Forget about a woman scorned - Hell hath no fury like Intel and Nvidia going at each other, both in and out of the courtroom. After being sued by Intel last week over a Nehalem chipset license, Nvidia president and CEO Jen-Hsun Huang responded by saying the suit was "clearly an attempt to stifle innovation to protect a decaying CPU business." And in a related press release, Huang pointed out how much better Nvidia's Ion platform is compared to Intel's current three chip design.
Now a week later, the latest episode of "As the Chipset World Turns" has Intel reportedly slamming Nvidia's Ion platform. According to news and review site Bit-Tech, Intel is sending out a document titled "Nvidia Ion Competitive Positioning Guide," which includes everything Intel sees wrong with the platform.
This is starting to get ugly. It's bad enough watching Intel and Nvidia go at each other over licensing disputes (remember how long we waited for SLI on Intel chipsets?), but the two aren't showing any signs of letting up. In response to Intel's recent lawsuit, which alleges Nvidia has no right to produce chipsets that are compatible with any Intel processor that has an integrated memory controller, the GPU/chipset maker had some choice words for Intel.
"We are confident that our license, as negotiated, applies," said Jen-Hsun Huang, president and CEO of Nvidia. "At the heart of this issue is that the CPU has run its course and the soul of the PC is shifting quickly to the GPU. This is clearly an attempt to stifle innovation to protect a decaying CPU business."
Huang has never been one to mince words, at one time declaring his company would "open a can of whoop-ass." Now less than a year later, the quote-worthy CEO has declared the CPU just another run-of-the-mill component taking a backseat to the GPU.
Nvidia's press release went on to talk up the company's Ion platform, and was quick to point out that it "offers 10x the performance of Intel's current three chip design." Huang also said that given the broad and growing adoption of Nvidia's platforms, including the Ion, he's not the least bit surprised Intel is disputing a four-year-old contract.
You know that couple that is always at odds with each other, turning parties and other get-togethers into awkward affairs? The worst part is when they both turn to you to pick a side, and all you're trying to do is have a good time. For power users, that couple is Intel and Nvidia. We don't know what it is with these two, but just when their relationship appears to be on an upswing, another squabble breaks out.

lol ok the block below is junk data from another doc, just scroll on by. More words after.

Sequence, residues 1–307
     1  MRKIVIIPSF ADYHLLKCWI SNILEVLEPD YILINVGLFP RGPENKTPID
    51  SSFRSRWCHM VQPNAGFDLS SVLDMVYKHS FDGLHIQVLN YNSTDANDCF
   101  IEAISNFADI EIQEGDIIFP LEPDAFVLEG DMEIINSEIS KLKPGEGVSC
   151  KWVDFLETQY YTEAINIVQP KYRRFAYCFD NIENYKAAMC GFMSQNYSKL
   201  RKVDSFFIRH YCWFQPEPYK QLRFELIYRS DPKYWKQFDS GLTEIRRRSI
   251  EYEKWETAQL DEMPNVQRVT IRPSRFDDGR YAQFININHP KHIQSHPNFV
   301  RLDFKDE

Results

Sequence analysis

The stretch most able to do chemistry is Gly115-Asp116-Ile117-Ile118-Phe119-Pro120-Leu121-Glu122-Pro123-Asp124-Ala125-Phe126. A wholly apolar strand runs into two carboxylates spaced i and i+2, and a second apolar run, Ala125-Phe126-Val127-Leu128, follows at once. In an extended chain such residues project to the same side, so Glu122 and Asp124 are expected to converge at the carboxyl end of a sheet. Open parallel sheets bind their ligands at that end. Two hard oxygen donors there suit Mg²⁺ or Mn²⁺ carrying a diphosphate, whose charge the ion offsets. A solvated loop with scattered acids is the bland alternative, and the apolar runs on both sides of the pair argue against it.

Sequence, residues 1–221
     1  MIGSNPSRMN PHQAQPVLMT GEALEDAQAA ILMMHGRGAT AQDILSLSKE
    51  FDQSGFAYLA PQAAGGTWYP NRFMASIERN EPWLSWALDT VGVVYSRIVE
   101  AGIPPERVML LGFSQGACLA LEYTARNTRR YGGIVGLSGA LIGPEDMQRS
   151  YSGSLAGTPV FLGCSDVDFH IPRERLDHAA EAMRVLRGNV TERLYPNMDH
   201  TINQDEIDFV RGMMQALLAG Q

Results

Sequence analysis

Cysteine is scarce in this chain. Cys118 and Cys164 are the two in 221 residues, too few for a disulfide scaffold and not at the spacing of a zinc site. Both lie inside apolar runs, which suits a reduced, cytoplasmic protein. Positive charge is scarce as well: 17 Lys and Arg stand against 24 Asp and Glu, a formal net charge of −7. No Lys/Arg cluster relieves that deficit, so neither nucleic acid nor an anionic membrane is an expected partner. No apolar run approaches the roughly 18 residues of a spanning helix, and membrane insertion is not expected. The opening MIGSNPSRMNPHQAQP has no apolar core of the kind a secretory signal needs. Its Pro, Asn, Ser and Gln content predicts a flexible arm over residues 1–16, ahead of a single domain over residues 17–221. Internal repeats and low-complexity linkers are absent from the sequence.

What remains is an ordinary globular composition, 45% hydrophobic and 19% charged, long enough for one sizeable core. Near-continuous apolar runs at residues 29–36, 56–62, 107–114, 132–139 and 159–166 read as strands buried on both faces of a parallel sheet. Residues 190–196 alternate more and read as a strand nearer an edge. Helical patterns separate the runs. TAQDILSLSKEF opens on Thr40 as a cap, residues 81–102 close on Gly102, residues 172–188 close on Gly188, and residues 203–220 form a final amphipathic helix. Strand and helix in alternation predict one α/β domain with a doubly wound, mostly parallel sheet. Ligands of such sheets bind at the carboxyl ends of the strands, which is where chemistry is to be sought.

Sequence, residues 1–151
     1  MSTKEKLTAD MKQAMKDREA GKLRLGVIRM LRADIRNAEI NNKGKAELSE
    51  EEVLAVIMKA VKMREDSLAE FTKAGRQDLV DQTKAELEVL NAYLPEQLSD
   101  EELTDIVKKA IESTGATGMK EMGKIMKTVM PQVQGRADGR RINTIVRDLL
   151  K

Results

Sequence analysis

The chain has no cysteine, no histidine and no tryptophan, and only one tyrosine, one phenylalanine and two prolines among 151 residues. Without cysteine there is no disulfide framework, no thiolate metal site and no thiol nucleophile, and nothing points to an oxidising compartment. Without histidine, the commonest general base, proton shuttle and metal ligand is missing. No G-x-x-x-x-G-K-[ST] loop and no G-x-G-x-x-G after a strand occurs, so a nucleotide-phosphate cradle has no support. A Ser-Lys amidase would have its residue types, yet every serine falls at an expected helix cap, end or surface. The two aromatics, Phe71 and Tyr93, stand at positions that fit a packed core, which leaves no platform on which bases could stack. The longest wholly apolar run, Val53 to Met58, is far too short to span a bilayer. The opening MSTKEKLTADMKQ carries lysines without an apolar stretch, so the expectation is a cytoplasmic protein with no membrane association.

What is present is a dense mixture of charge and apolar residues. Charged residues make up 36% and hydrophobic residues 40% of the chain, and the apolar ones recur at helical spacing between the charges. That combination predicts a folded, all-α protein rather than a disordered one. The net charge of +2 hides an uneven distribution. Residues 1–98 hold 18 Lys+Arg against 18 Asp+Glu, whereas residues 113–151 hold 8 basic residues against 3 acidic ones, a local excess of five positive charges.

After years of butting heads, Intel and Nvidia just recently came to agreement over licensing the GPU maker's SLI technology for use on Intel chipsets, and all appeared to be right in the world. But now the two are at it again, this time with Intel taking the offensive. Intel has filed suit against Nvidia this week claiming that the four-year old chipset license agreement between the two does not cover both its current and any future CPUs with integrated memory controllers.
"Intel has filed suit against Nvidia seeking a declaratory judgment over rights associated with two agreements between the companies," Intel said in a statement. "The suit seeks to have the court declare that Nvidia is not licensed to produce chipsets that are compatible with any Intel processor that has integrated memory controller functionality, such as Intel’s Nehalem microprocessors and that Nvidia has breached the agreement with Intel by falsely claiming that it is licensed. Intel has been in discussions with Nvidia for more than a year attempting to resolve the matter but unfortunately we were unsuccessful. As a result Intel is asking the court to resolve this dispute."
Nvida contends that the license agreement is still valid, however admits that it has been "working with Intel to come to some kind of agreement" for the past year. And despite the lawsuit, Nvidia says it has no plans of changing its roadmap, including those chipsets which extend to future processors.
Following Intel's P55 chipset, which is expected to launch sometime late this summer, Intel will release four more mainstream chipsets in the first quarter of 2010. These include the H57, P57, Q57, and H55.
DigiTimes says the higher end H57, P57, and Q57 chipsets will boast support for a revamped version of Intel's Turbo Memory technology currently codenamed Braidwood. This will help with boot times by moving frequently accessed data away from the hard drive and over to Flash memory. The memory chips will also sport a dedicated NVRAM controller for SSD-like read and write speeds, Fudzilla says.
All chipsets will support up to 14 USB 2.0 ports (save for the H55, which checks in with 12), up to 6 SATA ports, and up to 8 PCI-E x1 ports (H55 again being the exception with 6 PCI-E x1 ports).